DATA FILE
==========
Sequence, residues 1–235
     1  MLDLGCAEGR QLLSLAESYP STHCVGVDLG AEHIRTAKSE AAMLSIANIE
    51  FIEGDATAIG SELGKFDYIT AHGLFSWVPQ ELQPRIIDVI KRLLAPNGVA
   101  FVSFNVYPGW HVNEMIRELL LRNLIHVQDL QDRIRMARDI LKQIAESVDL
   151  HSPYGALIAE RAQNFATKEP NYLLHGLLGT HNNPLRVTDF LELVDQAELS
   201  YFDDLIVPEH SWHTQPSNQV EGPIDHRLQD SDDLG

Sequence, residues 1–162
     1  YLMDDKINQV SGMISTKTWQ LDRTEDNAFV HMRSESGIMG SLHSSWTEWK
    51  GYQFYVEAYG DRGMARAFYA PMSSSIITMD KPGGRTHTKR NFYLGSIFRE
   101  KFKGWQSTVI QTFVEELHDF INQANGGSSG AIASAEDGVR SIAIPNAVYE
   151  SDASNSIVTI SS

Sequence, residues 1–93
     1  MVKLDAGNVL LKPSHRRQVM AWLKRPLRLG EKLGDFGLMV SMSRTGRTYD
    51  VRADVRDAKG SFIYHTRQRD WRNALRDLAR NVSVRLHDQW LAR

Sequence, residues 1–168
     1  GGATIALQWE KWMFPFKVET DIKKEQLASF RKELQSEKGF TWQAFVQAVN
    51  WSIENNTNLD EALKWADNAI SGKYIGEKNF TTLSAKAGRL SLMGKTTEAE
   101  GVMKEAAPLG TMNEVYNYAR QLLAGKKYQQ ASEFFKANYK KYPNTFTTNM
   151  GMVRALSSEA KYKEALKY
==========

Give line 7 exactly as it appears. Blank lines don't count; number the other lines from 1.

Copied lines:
Sequence, residues 1–162